• YEA! Youth Education Alliance has tutors who specialize in this particular area visit our website for services offered.
  • You can also contact your child’s school to ask about study skills classes that they might offer.


In the end, the most important piece of advice I can give you is the knowledge that we are all in this new system together.  Teachers will continue to learn how best to attack these tests, and every good teacher is dedicated to passing that information on to their students.  We have to work together, and weather the storm. It is my guess that this testing atmosphere is a knee jerk response to the fact that the U.S. is falling behind other nations and the people in charge of policy believe this is the best way to fix it.  It does not matter whether we agree or disagree, right now this philosophy is in place and our kids and teachers need support to try and get through it.  Who knows what the future holds for education, but if we work together we can at least survive this latest idea on how to “fix” our education system.

posted by samantha in Education Advice,End of Course Exams,EOC,Parenting Tips,teaching tips and have No Comments

Fun With Sight Words: Part II

Continuing our theme of last week’s post on Sight Words made fun, I am posting a list of ideas to keep your kids engaged this week (assuming the kiddos have tired of the Sight Word Munching Monsters that we posted earlier).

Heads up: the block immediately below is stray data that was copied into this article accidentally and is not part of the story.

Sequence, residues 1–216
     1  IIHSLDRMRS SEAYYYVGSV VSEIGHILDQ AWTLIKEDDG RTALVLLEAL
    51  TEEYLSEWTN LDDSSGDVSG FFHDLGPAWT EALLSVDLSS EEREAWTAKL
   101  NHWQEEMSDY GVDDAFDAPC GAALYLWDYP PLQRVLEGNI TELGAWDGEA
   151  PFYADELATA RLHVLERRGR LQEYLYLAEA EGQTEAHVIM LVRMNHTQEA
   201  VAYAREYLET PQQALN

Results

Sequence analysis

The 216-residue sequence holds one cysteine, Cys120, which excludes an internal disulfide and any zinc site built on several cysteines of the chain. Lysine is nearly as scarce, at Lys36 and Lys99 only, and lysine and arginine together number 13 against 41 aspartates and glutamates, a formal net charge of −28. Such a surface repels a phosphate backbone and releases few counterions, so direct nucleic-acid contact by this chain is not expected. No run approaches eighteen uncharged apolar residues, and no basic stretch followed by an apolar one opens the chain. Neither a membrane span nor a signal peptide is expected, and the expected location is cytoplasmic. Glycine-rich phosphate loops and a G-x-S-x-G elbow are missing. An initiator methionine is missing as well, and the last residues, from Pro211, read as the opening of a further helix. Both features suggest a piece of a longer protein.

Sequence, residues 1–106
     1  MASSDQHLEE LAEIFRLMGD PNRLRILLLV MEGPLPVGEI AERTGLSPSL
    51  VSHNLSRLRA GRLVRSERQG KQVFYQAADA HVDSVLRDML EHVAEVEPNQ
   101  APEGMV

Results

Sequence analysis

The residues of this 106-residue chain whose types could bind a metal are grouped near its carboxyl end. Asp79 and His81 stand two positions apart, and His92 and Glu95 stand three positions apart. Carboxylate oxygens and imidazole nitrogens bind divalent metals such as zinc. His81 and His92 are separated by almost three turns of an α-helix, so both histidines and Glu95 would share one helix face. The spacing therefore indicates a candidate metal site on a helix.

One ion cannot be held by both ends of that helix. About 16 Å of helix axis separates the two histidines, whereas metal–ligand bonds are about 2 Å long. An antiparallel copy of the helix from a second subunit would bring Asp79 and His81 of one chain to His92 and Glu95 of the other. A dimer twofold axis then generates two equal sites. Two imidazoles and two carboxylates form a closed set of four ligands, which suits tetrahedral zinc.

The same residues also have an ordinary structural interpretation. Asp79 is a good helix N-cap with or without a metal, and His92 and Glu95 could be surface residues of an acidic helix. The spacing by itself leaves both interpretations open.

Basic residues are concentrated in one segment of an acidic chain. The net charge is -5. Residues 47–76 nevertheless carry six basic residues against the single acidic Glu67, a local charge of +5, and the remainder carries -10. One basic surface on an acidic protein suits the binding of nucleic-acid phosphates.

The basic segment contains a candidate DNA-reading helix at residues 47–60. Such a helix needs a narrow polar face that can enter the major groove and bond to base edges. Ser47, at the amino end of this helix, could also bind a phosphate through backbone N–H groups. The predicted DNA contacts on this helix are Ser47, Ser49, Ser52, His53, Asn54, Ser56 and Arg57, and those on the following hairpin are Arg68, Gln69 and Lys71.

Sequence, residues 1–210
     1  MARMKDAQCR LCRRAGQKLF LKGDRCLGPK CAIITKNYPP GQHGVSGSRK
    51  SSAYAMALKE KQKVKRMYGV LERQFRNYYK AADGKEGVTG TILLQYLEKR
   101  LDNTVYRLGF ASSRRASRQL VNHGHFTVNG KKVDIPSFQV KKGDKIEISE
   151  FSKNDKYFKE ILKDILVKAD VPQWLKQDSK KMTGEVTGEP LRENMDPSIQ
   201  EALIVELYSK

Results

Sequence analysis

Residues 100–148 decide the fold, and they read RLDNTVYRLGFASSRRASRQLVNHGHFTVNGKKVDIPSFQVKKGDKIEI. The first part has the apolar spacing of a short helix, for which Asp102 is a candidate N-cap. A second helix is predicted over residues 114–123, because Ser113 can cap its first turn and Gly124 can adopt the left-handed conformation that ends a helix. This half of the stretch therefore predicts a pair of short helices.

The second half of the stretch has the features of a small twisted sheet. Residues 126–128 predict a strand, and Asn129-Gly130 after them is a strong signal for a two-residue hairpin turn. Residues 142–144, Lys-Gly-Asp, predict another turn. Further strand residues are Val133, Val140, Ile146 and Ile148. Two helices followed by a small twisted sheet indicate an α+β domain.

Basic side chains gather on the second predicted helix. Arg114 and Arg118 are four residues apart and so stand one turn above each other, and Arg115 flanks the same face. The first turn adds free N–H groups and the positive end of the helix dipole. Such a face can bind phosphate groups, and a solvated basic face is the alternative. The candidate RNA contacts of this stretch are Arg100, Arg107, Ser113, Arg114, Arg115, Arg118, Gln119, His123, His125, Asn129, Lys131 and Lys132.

The biggest key to sight word success is to interact with the words.  This means building them, writing them, drawing them and yes, even discussing them with mommy and daddy during “play time”.

        Sight Words Ideas

  1. Use wax sticks (like Wiki Stix) to spell out the words and make pictures for words.
  2. Use bathtub paint to draw and write “sight word graffiti” on the wall during bath time.
  3. Use toothpicks or scrabble tiles to spell out the words (for the toothpicks they can glue them down and display the paper on the fridge! :))
  4. Create coloring pages then color them in a creative way (see image below)


For the coloring pages, I would recommend finding a printable that is on a subject your child is interested in (my nephew loves Mario brothers).  I cut up tissue paper into small squares, with a little plate of glue and a pencil you can create the wonderful work of art you see below! (Photo courtesy my nephew!  He was doing color sight words).

posted by samantha in Education Advice,Parenting Tips and have No Comments

Making Sight Words Fun!

Sight words, the phrase alone is enough to make kids cry and parents desperate for an effective way to inject a little fun into an otherwise overwhelming and tedious job.  Recently my sister and nephew have been embarking on this journey themselves.  In an effort to help, the “Sight Word Munching Monsters” game was born.  My goal in creating this activity was to try and bring back the excitement my nephew first expressed at the prospect of going to kindergarten.  If you are seeking the same thing then try out our monsters game.


  • Hot glue gun
  • Elmer’s glue with paint brush